05/29/2006 11:00PM

Smithwick, jump trainer, dies


Daniel M. "Mikey" Smithwick, a steeplechase trainer who is a member of Thoroughbred racing's Hall of Fame, died on Monday of a form of Parkinson's disease at his home in Hyde, Va., according to the National Steeplechase Association. Smithwick was 77.

A distinguished steeplechase jockey in addition to his successful training career, Smithwick trained three Hall of Fame steeplechase horses, including Neji, and won a dozen steeplechase training titles between 1957 and 1970. He ranks eighth on steeplechase racing's all-time earnings list, with career purses of $4.3 million.

Smithwick was born in Baltimore to a racing family, and his brother, Patrick, was a four-time champion steeplechase jockey who was voted into the Hall of Fame in 1974. Daniel Smithwick was inducted the following year.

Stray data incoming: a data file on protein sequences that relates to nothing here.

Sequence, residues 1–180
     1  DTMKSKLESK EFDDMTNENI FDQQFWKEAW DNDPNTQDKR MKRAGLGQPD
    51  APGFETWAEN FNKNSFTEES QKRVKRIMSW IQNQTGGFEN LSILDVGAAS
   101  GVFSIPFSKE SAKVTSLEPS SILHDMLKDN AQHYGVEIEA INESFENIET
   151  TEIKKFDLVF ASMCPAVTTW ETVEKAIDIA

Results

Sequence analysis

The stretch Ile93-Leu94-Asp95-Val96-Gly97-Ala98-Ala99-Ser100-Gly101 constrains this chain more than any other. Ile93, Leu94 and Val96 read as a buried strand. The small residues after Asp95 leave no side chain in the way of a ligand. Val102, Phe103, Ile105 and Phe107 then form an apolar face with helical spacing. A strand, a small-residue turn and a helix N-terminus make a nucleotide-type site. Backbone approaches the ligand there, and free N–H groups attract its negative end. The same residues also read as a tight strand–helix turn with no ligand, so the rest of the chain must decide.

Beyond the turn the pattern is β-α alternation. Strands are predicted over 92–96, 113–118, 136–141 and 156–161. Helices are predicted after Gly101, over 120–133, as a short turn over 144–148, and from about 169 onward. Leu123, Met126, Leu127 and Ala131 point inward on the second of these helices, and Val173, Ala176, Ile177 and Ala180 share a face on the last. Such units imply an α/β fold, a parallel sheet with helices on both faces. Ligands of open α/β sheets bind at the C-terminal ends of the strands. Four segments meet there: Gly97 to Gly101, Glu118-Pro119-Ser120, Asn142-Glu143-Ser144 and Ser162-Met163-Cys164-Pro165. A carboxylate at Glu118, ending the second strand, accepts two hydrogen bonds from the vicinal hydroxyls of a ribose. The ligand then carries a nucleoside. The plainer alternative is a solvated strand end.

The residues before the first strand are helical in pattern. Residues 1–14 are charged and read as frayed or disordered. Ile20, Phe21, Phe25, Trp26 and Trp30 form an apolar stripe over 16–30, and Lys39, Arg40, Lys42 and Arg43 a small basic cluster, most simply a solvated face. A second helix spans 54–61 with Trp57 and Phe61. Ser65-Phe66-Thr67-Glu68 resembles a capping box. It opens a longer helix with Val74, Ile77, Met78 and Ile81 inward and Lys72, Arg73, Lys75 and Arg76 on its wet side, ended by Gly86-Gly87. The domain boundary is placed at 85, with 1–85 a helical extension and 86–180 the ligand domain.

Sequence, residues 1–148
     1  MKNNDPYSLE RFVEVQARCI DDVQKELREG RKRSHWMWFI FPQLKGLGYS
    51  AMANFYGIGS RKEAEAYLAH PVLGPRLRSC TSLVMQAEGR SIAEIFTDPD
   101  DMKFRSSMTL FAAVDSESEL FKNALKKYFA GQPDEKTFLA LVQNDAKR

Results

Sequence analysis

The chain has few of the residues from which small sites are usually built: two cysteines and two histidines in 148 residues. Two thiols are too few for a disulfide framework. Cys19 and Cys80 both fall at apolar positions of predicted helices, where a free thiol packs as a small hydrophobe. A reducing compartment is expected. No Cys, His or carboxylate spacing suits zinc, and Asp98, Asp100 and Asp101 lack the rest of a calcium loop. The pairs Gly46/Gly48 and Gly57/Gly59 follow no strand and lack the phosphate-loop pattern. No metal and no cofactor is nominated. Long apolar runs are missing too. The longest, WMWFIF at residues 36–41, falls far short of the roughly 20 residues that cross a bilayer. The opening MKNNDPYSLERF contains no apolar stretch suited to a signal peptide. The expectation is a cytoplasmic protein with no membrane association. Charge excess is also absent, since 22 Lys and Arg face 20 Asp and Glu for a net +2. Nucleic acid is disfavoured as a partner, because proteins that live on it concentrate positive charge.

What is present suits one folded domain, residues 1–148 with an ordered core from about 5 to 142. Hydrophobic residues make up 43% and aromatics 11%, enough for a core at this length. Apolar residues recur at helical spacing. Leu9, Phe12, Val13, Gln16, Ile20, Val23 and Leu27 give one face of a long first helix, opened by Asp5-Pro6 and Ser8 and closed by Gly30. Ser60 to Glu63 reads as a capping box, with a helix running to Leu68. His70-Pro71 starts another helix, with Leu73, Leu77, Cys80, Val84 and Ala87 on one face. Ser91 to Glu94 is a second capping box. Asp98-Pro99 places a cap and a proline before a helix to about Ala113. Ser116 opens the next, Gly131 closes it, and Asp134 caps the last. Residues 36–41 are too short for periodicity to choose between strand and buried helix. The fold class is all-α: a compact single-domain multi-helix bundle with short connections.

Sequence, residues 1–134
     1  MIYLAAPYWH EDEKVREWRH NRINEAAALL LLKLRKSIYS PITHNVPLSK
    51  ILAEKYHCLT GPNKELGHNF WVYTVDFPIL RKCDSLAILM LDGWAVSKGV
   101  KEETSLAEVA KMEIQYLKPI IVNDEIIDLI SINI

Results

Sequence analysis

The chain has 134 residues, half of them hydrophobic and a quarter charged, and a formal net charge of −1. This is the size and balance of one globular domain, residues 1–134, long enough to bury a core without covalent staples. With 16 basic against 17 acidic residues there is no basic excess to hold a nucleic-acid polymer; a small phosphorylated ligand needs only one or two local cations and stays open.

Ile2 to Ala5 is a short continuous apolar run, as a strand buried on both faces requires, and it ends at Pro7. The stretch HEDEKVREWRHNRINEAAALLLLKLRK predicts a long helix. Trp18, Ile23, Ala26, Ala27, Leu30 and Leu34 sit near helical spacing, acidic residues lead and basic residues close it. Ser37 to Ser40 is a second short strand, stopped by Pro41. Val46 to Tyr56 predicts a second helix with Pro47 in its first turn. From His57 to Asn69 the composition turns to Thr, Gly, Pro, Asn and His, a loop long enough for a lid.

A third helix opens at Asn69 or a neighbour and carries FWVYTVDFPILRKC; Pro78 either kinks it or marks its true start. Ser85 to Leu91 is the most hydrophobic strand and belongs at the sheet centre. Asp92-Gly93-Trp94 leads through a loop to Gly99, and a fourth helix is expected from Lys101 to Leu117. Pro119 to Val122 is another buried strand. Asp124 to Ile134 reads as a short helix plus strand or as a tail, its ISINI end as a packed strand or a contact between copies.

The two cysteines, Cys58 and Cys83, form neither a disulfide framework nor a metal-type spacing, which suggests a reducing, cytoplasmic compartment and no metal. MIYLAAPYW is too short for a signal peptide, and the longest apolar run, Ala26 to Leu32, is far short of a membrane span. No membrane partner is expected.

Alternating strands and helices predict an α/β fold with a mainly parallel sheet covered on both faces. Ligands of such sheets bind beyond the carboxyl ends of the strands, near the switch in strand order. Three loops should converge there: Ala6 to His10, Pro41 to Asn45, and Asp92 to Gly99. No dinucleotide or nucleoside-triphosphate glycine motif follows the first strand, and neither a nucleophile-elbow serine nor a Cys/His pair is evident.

Smithwick's six champions were Neji, Ancestor, Bon Nouvel, Mako, Top Bid, and Straight and True. As an amateur jockey, Smithwick won the Maryland Hunt Cup six times, the Grand National timber race five times, and the Virginia Gold Cup three times.

"He was a tremendous rider, more at home on a horse than on foot," said his son, D.M. "Speedy" Smithwick, a steeplechase trainer based in Kentucky.

Smithwick is survived by his wife, Dot, though the two have been separated for 20 years; two sons, D.M. and Roger; and a longtime companion, Alexandra White. A memorial has been scheduled for Monday at St. James Church in Monkton, Md.